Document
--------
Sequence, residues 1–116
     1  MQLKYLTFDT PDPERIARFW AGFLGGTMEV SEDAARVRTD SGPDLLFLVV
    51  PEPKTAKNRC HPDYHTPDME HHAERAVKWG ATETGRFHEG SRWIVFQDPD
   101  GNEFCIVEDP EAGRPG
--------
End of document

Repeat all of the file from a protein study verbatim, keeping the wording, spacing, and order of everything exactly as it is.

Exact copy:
Sequence, residues 1–116
     1  MQLKYLTFDT PDPERIARFW AGFLGGTMEV SEDAARVRTD SGPDLLFLVV
    51  PEPKTAKNRC HPDYHTPDME HHAERAVKWG ATETGRFHEG SRWIVFQDPD
   101  GNEFCIVEDP EAGRPG